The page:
To that three researchers, Richard Bintanja, Rune Grand Graversen and Wilco Hazeleger, of the Royal Netherlands Meteorological Institute (KNMI*) have found a convincing answer: thermal inversion in the lower Arctic atmosphere. As the sun-deprived Arctic surface cools rapidly in winter, so does the layer of air right above it.
Apparently largely independent of altering positive and negative phases in the Arctic Oscillation (which do affect temperature differences throughout the Arctic troposphere) this situation persists over the winter months.
Having a cold layer close to the surface has two effects on the energy balance of the Arctic climate system in winter. The cold air and the (presumed) sea ice beneath it prevent summer heat stored in the Arctic Ocean from escaping to the cosmos. But because of the temperature inverse warmer air higher up in the atmosphere also radiates less energy away to space, as it is busy warming the cold air layer underneath it – ‘pointing’ infrared radiation downwards, instead of up to the stars.
In other words: in winter the summer heat cannot escape to space – but is instead recycled within the Arctic climate system.
4 steps forward, 3 steps back (repeat each year)
With the onset of spring and the new melting season the system still carries part of the energy of the previous melting season (and extra energy carried on from lower latitudes) allowing summer feedbacks to assert a progressive influence.
The KNMI study was published in Nature Geoscience on Sunday. There the researchers write the following:
“We find that the surface inversion […] intensifies Arctic amplification, because the ability of the Arctic wintertime clear-sky atmosphere to cool to space decreases with inversion strength. Specifically, we find that the cold layers close to the surface in Arctic winter, where most of the warming takes place, hardly contribute to the infrared radiation that goes out to space. Instead, the additional radiation that is generated by the warming of these layers is directed downwards, and thus amplifies the warming. We conclude that the predominant Arctic wintertime temperature inversion damps infrared cooling of the system, and thus constitutes a positive warming feedback.”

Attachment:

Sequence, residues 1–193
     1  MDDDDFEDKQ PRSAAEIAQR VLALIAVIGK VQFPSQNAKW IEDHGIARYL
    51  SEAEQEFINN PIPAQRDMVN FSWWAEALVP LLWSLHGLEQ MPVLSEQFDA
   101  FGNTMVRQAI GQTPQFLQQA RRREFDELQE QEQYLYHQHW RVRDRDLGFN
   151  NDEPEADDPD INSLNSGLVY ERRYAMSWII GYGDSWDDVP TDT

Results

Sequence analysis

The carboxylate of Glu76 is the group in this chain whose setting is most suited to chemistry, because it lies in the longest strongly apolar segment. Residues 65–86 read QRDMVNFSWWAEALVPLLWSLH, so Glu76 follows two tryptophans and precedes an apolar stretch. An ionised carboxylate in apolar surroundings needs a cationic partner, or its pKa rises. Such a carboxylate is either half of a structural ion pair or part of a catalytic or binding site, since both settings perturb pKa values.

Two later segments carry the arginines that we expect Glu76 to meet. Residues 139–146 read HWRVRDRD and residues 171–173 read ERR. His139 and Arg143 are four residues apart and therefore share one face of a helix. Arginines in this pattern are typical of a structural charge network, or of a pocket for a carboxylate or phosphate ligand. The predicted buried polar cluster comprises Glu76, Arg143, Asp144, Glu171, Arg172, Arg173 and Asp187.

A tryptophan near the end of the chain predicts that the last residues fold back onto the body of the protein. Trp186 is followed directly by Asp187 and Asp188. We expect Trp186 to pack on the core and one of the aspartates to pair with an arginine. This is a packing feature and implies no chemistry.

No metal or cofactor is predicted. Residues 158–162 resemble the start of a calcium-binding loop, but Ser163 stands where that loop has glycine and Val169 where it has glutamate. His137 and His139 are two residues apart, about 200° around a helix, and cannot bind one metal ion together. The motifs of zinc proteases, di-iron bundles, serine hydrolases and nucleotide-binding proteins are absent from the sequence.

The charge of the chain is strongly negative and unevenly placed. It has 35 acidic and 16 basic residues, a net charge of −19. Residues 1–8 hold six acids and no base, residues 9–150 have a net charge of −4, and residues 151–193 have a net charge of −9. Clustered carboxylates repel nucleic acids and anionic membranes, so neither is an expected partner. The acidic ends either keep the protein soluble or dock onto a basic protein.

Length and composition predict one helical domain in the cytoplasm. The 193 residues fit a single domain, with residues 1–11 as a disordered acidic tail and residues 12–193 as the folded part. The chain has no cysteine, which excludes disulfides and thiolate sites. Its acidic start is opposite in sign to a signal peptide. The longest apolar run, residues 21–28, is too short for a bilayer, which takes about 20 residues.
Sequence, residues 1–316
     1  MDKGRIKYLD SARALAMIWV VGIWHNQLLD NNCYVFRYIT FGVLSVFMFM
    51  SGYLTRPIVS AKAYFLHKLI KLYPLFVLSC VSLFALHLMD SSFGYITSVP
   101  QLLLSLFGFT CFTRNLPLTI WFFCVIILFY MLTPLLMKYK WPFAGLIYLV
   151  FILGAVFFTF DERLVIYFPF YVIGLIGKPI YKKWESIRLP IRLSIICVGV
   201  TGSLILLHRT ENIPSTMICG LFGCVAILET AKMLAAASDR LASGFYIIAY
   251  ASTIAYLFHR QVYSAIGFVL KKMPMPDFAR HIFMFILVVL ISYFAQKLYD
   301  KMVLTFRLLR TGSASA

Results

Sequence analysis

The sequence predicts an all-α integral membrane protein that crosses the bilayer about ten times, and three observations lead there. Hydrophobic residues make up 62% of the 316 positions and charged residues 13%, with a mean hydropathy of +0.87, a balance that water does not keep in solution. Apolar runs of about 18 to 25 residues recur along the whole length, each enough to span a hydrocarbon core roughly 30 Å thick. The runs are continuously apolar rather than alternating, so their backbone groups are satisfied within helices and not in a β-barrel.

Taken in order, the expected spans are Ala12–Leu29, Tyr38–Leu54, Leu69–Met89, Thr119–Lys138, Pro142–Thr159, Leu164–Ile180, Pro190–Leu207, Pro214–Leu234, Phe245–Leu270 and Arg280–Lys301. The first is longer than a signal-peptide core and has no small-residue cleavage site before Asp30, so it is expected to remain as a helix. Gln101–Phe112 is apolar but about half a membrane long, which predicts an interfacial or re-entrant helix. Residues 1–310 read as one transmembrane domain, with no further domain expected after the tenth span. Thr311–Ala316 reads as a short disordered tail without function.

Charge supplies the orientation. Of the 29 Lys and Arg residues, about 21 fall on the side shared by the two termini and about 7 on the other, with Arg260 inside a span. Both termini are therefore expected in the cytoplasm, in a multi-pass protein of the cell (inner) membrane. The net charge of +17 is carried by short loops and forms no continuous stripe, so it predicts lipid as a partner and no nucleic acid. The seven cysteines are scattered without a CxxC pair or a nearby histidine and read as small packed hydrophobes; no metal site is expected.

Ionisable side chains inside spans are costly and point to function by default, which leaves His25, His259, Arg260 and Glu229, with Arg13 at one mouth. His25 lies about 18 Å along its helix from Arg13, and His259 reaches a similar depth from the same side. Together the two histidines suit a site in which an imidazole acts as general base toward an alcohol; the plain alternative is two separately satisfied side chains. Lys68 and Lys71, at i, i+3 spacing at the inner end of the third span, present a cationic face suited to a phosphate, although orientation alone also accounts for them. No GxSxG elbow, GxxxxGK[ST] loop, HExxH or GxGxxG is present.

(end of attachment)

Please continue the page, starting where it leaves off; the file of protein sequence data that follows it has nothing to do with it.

From how we understand this with that last bit the researchers mean the Arctic inversion is not (as had been previously suggested) a negative climate feedback. With the remaining positive summer feedbacks the annual result would still be accelerating ice loss, and thus constitute a net positive feedback.
We however wonder, would there be a direct winter feedback too. Could climate change affect the intensity of the Arctic winter thermal inversion – and if so, would it make it stronger, or weaker?**
[*) You may remember them as that research institute that beat NCAR by 6 weeks in their (largely affirmative) explanations for missing ocean heat. These people have an understanding for temperature layers.]
[**) Well actually there could be an answer to that question, KNMI climate researcher and lead author Richard Bintanja says. The strength of the winter thermal inversion could decline, models show, under continuation of the present climate change - as (helped by the very mechanism) the Arctic surface (and the surface air layer) warms faster than the air (higher) above it. However marginal that effect may be within the wider complexity of the system, to us it seems that would at least count as some good news.]
© Rolf Schuttenhelm | www.bitsofscience.org